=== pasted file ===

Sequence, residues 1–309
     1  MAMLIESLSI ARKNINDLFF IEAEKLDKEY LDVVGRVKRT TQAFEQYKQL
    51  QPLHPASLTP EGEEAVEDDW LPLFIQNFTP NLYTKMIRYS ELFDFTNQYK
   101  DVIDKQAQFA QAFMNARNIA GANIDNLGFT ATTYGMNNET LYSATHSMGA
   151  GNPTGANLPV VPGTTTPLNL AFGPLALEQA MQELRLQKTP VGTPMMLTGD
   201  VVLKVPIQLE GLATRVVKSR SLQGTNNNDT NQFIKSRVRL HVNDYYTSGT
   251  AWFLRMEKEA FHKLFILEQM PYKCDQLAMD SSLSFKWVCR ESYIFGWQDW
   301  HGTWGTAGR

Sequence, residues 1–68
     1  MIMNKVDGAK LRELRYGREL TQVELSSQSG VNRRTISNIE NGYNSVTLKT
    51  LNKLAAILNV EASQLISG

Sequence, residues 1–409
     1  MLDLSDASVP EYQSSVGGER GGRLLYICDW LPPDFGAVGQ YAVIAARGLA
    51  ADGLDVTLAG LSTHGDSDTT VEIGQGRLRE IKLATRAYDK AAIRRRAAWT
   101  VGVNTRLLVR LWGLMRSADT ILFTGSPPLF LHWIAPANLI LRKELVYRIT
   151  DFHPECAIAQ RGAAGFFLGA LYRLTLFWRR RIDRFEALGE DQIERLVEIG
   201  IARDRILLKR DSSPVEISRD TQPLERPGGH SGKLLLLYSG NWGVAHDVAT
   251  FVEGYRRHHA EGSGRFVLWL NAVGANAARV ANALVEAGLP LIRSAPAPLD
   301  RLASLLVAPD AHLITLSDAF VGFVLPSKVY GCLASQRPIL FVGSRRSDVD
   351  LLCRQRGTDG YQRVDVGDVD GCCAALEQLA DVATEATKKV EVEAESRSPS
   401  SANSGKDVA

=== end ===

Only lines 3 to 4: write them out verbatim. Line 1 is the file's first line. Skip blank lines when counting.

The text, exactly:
    51  QPLHPASLTP EGEEAVEDDW LPLFIQNFTP NLYTKMIRYS ELFDFTNQYK
   101  DVIDKQAQFA QAFMNARNIA GANIDNLGFT ATTYGMNNET LYSATHSMGA